Riverside Drug Attorney
The potential penalties for drug and narcotics charges can vary greatly and depend on a host of variables.
On this page, we’ll:
- examine California drug laws and discuss the potential penalties;
- give you insight on the most common drug and narcotics charges in California; and
- talk about strategies that have been successful in lessoning penalties and even keeping charges from appearing on our clients’ records.
There are a host of possible charges related to drugs and narcotics, but the ones with the most serious consequences are drug manufacturing, trafficking and possession for sale. These can include possession of controlled substances and drug paraphernalia, and being under the influence of illegal drugs and controlled substances.
What does California drug law say about controlled substances?
Possession of controlled substances – which generally are drugs and/or chemicals regulated by the government – are addressed in 11350 of the California Health and Safety Code. This can include possession of prescription drugs like Vicodin, codeine and Oxycontin without a proper prescription. This law also includes the prohibition of narcotics, like cocaine, meth, heroin, LSD and crack cocaine.
The key word is “possession,” because it can mean different things.
- “Actual possession” means that the substance in question has been found by police on your person.
- “Constructive possession” relates to the substance being found on your property, and that you have control over it.
- “Joint possession” occurs when you and two (2) or more others share constructive possession. A good example of this is if the substances are discovered in a car’s console.
What are the penalties for possession of a controlled substance in California?
If you’re convicted of possession of a controlled substance, you could be sentenced to up to one (1) year in jail, probation or two-to-three (2-3 years) in California State Prison.
If there was no violence involved in the case, however, many people who are convicted of possession actually qualify for Proposition 36 (Prop 36), which means they serve their penalty in a drug treatment program rather than jail.
What are successful defenses to possession of a controlled substance?
While being charged is one thing, actually being convicted is another matter. And because “possession” is the key word, it’s up to the prosecution to prove beyond doubt that you indeed had possession – which can be difficult.
Most successful defense strategies for this charge depend upon chipping away at the term “possession,” and include:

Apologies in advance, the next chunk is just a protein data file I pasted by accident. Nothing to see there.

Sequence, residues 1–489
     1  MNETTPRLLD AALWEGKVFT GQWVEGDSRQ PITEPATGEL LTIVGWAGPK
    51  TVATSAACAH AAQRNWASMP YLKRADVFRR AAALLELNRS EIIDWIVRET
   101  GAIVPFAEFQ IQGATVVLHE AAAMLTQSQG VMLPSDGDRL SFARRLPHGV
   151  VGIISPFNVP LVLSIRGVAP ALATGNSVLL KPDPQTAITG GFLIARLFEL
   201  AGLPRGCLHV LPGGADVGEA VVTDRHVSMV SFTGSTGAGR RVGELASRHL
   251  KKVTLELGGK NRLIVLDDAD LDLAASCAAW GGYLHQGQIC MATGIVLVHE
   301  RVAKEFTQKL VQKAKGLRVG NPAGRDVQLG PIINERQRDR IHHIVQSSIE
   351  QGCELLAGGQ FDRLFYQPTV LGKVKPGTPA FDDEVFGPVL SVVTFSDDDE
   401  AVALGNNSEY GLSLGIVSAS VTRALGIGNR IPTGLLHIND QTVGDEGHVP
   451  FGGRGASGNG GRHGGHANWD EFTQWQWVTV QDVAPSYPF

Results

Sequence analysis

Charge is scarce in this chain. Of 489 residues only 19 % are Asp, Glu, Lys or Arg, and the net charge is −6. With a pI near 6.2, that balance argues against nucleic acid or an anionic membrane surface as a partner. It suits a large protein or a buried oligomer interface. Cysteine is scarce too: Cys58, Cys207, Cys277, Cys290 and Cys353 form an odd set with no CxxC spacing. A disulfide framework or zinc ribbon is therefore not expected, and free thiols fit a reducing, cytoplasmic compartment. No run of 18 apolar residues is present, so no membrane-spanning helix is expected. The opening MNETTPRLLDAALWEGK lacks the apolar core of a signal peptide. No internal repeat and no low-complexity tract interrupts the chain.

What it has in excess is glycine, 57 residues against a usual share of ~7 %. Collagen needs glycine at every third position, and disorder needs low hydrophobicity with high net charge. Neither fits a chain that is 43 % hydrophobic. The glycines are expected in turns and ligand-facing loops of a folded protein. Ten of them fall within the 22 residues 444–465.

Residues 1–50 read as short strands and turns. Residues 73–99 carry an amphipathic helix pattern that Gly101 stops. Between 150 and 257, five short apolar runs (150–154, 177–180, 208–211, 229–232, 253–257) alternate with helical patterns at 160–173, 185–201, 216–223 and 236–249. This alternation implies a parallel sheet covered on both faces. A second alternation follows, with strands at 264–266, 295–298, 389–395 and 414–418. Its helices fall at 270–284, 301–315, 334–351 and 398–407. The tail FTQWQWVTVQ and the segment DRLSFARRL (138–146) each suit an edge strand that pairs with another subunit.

- your having a valid prescription from a licensed medical personnel (this can include your doctor, dentist, podiatrist or even your veterinarian);
- the substances or drugs being in your possession without your knowledge;
- you possessed the substance for merely a short period of time – which is legal, provided that your intent was to destroy or dispose of the substance and had no intention of hiding it from police; and
- police officers failed to follow proper procedures during the search and seizure of the substance (this can include failure to read you your Miranda rights, not having probable cause to make the search, and illegally conducted search).
What does California drug law say about manufacturing of drugs and narcotics?
The specifics of the manufacturing of drugs and narcotics are covered in 11379.6 of the California Health and Safety Code. Rather than being concerned with “possession” of a drug or narcotic, the focus of this law is on the actual process of manufacturing them.
The most common example of this is operation of a meth lab, but it can also relate to the manufacture or attempted manufacture (chemical extraction or chemical synthesis) of any controlled substance.
Merely offering to manufacture a drug or narcotic is a illegal.
What are the penalties for about manufacturing of drugs and narcotics in California?
Conviction of the manufacturing of drugs and narcotics is a felony in California – it’s serious business. The potential penalties include three-to-seven (3-7 years) in county jail and fines of up to $50,000.